And in that responsibility, I tell you to go one further. You’re the best resource to talk about your creation, because it came from you. In addition to being able to talk about what it is, you can also talk about the process, the emotions, and the decisions you experienced while you made it. When you rely on other people to talk about your stuff (like when you put your eggs in that basket where you expect a publisher to do the heavy lifting of making people aware of your book, but we’ll get there in the next paragraph), any information they have is secondhand – you’re the primary source, and if you’re truly proud of what you’ve made, why wouldn’t you want to talk about? (This is where, again, I point to expectations assuming failure and then point back to that 50/50 earlier)

There’s nothing wrong with having other people assist you in getting the word out about what you’re doing. It’s super helpful to you. It builds bridges, it makes connections, it strengthens networks. It helps create and direct the flow of positive information.

This is your creation, whatever it is, and you need to get out in front with it. Show it the hell off. Even if you don’t want to make it about you because you’re worried that who you are is somehow a disincentive to enjoy what you’ve made (and frankly I’m not sure if that says something about your ego or your work’s quality), make it about the work. What it is, what it means to you, what you are trying to do with it, all that good stuff. Put the focus where you want it to be. You get to the control that.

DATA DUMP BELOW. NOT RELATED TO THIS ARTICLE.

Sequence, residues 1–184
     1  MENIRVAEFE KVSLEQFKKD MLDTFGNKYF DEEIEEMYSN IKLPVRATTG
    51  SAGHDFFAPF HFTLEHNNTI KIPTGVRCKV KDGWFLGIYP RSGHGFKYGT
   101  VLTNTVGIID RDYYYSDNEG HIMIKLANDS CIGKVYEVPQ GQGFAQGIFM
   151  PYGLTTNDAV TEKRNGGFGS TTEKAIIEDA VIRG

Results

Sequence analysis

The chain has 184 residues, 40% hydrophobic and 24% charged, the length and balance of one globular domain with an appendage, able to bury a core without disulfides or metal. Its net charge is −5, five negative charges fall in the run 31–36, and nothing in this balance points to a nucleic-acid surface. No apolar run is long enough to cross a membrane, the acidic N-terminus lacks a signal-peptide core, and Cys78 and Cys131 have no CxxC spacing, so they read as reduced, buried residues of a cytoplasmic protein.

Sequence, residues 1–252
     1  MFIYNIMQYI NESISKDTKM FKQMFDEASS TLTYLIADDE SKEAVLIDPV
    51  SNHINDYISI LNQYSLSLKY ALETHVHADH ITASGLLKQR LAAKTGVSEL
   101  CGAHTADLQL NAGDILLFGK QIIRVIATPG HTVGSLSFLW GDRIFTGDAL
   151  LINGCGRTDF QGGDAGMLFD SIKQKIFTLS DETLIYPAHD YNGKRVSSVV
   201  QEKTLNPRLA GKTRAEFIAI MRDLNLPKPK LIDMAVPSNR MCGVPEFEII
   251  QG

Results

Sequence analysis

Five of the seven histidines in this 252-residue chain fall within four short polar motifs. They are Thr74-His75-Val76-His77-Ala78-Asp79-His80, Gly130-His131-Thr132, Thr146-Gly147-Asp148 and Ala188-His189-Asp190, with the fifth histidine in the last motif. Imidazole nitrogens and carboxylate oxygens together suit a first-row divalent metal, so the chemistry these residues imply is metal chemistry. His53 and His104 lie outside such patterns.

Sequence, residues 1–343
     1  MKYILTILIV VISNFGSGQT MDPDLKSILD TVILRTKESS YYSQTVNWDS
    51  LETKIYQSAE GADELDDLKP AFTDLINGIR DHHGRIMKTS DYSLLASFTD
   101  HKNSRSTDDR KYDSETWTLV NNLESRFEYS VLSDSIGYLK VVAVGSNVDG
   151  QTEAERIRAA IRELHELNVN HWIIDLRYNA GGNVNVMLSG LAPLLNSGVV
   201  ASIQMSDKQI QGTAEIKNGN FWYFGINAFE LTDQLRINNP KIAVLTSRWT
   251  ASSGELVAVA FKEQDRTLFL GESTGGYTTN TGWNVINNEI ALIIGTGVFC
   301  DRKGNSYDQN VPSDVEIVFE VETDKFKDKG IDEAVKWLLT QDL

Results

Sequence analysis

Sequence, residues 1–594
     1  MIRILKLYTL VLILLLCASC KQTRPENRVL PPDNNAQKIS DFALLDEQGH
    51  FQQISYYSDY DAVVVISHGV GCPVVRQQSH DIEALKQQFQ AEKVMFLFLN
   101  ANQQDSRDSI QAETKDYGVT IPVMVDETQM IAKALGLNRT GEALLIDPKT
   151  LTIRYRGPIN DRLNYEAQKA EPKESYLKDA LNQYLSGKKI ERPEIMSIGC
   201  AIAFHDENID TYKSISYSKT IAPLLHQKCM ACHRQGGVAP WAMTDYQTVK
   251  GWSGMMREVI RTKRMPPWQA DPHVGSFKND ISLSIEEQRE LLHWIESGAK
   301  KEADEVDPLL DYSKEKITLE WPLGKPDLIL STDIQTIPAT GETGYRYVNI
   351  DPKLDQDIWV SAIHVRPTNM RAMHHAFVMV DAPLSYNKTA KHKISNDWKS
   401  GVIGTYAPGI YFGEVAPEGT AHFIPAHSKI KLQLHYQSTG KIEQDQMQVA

Several writers I’ve spoken to in the last eight months have talked to me about when they make it “big” (meaning: get traditionally published), they’ll be really relieved that they won’t have to do anything other than just write the books. I’m going to put on my Managing Editor of a successful publisher hat (shout-out to ParvusPress! airhorns! other celebratory sounds you can imagine!) and tell you straight –

A creator has to work even after the creation is made.

There are blog tours, there are interviews, there’s tweets to make, there’s people to email, there’s a lot of work that the author does. This is in addition to what happens on the publishing end, which is setting up all those things AND doing promotional stuff to aid the author in having a product that generate sales so that people earn paychecks. (You’re following @ParvusPress on Twitter, right? I’m just asking)

Maybe you’ve heard this before: If you want the rewards or results, you gotta do the work.

Marketing is no different, and everyone from Big-Fancy-Author-Number-Three to mid-list-Author-Eleven to random-creative-who-publishes-slash-fiction-about-Law-and-Order has to do SOMETHING (or more likely multiple somethings) so that people know that there’s something in the world they should check out.

It might not be easy, but it’s doable. And if you do it often enough, you’ll get better at it. Yeah, you’re gonna make mistakes, but it is through our mistakes that we can figure out what to improve so we can see better results.

You gotta do the work. And I believe in your ability to do it.

 

Happy creating.